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Load Testing Blog

Angular: How to use Virtual Scroll with a Flat Tree?

While developing OctoPerf's frontend I quickly stumbled upon performance issues with Angular Material tree when too many nodes where opened. OctoPerf is a load testing solution. As such, it displays a tree of actions and containers used to script the load testing scenarios:

Actions tree

With hundreds of directories expanded, the frontend quickly became slow to the point of being unusable. By default, even nodes outside of the visible part of the tree are rendered in the DOM. Since this feature is not directly available yet, I had to switch from a classic CSS scrollbar to a Virtual Scroll manually. This blog post lists all the steps I had to follow in order to use a Virtual Scroll on a complex Material Tree.


The actions tree in octoPerf uses a FlatTreeControl to manage the data. It is probably quite harder (or even impossible) to use a Virtual Scroll with a NestedTreeControl!

Modularisation in JMeter

The key to all good automation is modularisation which is effectively isolating small chunks of your application under test into separate tests and then re-using these smaller chunks in your larger, more complicated tests. Example of good candidates for modularisation are logon and logoff as well as any other high-volume journeys through your application such as search functionality.

The rationale for this approach is that if these high volume common functional activities change you only need to make the update in a single test rather than in multiple tests. If your business functionality is only used once in a single script rather than many scripts it makes no sense to modularise it but if it is used twice, or more, then it should be considered.

Sample JMX files for this tutorial are available for download:

Analyze your load tests

OctoPerf's report engine provides many graphs to sort and presents test metrics in a comprehensive way. We've tried to improve it over the years so that you can access critical information very quickly. But requirements vary from one project to the other.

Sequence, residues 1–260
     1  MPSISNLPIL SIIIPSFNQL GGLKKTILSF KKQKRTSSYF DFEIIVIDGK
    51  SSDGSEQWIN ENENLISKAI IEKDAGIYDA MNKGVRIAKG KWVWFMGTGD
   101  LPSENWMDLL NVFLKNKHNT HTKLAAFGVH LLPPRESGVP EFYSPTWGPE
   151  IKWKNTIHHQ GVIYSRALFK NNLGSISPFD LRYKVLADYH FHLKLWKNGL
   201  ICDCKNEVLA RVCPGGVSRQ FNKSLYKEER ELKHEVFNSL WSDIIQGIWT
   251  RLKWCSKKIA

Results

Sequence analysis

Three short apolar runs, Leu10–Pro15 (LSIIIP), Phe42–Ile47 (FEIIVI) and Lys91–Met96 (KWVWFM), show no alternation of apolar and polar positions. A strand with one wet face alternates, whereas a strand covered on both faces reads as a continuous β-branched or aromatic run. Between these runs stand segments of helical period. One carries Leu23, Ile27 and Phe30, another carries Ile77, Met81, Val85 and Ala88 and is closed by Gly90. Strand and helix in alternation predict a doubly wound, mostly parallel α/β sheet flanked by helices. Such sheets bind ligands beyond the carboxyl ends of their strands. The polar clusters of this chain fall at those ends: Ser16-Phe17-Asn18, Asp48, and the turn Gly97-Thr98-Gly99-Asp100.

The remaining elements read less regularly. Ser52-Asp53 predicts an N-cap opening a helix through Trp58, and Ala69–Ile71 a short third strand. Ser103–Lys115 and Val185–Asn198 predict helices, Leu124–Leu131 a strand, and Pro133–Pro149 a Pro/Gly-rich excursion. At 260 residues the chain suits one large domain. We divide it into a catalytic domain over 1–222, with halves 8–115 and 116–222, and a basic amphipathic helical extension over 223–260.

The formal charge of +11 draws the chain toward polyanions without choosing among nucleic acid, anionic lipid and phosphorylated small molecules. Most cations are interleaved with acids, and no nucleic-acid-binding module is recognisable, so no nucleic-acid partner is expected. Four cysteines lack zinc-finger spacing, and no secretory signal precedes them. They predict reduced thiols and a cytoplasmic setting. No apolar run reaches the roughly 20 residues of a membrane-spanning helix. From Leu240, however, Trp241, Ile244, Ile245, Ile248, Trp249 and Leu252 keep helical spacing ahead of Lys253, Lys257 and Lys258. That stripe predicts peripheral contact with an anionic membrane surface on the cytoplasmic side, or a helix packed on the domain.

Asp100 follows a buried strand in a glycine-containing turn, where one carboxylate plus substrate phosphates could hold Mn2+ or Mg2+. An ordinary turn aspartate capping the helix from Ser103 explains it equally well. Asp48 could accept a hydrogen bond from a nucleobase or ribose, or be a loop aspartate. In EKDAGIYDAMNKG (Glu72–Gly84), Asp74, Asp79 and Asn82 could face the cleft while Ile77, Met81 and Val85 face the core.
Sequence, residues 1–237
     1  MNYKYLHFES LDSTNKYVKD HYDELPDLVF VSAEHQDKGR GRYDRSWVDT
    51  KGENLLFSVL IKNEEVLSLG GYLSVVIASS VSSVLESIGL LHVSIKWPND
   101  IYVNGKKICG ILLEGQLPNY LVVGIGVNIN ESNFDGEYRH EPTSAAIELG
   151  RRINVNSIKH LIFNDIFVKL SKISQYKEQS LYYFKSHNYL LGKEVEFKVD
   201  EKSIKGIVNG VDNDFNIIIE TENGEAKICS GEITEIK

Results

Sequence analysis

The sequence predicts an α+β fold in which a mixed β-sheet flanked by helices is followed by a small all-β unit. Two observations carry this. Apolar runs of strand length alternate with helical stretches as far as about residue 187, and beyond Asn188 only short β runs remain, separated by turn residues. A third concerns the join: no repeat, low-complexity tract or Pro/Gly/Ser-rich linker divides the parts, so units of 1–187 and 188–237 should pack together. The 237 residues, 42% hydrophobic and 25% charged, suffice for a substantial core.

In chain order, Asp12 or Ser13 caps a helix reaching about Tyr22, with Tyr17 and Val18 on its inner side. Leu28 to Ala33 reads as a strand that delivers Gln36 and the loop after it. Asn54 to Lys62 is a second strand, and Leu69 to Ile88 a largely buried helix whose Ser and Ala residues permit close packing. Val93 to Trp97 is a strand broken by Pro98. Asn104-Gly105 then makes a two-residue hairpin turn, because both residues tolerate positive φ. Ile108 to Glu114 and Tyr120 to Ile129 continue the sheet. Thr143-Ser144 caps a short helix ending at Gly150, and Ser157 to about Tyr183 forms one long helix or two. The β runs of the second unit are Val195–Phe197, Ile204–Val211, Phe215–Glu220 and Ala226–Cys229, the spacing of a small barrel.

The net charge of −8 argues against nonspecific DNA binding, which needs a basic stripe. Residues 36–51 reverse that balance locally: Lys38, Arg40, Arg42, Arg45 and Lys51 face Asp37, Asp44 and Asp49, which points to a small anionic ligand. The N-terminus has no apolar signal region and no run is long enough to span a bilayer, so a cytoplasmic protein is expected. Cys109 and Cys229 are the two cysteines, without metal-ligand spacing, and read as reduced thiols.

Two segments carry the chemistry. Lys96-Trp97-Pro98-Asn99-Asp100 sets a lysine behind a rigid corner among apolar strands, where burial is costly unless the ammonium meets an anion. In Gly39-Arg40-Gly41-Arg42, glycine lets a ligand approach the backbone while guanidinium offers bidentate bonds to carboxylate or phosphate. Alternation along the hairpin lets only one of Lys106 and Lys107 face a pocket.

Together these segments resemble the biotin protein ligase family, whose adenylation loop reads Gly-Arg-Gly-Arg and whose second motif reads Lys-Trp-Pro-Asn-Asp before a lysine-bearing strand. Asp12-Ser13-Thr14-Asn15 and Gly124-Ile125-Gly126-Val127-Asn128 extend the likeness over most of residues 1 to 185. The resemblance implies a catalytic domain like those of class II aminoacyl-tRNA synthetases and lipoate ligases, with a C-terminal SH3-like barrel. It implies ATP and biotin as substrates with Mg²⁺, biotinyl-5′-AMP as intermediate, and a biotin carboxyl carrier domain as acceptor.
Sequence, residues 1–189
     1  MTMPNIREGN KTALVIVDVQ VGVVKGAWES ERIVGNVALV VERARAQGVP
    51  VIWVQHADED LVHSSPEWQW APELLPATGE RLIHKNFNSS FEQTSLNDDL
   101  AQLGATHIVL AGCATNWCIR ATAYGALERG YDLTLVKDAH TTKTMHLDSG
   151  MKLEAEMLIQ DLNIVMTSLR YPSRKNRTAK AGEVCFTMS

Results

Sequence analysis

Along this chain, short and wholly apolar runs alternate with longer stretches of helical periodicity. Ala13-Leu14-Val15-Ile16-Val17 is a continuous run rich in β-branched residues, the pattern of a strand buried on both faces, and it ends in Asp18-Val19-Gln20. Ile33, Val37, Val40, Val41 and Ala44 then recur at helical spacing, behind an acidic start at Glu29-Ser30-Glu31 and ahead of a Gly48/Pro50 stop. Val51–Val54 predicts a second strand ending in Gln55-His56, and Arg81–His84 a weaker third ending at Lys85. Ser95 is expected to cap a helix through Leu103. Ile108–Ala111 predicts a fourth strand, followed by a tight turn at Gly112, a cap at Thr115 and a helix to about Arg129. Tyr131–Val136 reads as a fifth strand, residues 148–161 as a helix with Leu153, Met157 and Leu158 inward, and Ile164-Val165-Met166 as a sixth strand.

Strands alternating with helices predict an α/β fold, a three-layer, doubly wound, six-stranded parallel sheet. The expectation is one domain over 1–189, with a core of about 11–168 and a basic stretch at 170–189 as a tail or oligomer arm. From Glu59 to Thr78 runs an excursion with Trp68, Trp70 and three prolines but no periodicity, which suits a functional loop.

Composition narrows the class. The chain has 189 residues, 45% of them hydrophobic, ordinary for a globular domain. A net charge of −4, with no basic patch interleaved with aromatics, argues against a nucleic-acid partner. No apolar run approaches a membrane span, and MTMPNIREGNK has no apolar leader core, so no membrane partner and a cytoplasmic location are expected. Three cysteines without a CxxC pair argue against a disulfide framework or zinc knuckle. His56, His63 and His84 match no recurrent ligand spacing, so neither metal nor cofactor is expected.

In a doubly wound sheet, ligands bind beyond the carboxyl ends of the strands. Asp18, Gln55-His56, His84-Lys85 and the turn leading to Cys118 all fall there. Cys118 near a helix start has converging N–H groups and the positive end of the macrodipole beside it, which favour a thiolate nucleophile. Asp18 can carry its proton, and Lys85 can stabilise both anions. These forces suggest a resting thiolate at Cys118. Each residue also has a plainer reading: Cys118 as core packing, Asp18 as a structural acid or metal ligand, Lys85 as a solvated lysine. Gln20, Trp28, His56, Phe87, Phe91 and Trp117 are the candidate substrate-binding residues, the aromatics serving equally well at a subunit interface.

In this post we will look at how you can configure the report to show your preferred metrics, and also all the shortcuts you can take to achieve this goal.

The best example is the Report summary, it allows you to navigate between all the items in a few clicks:


Importing Postman requests to Octoperf

You may have spent a considerable amount of time configuring Postman requests for your in-house API tests, and you wish to use them without having to create them again from scratch on Octoperf.

That's one of the many situations where Octoperf's compatibility with Jmeter is going to come in a handy.


A new and faster way to import Postman Collections has been implemented in Octoperf.

You can find more information here.

Postman to Jmeter

The first step will be to convert your requests into a JMeter-friendly format, using Postman Code Generation Snippet :


Load Profiles in Performance Testing

When we think of performance testing we normally think of thousands of requests with thousands of users generating huge volumes on our application under test or increasing the load until the application under test fails or runs out of resources.

This is not a good approach when determining load for your performance tests for several reasons and can in some cases render your performance testing meaningless.

This post will outline some of the pitfalls that are commonly made when it comes to generating load and will look at ways to suggest improvements to your approach to load profiles.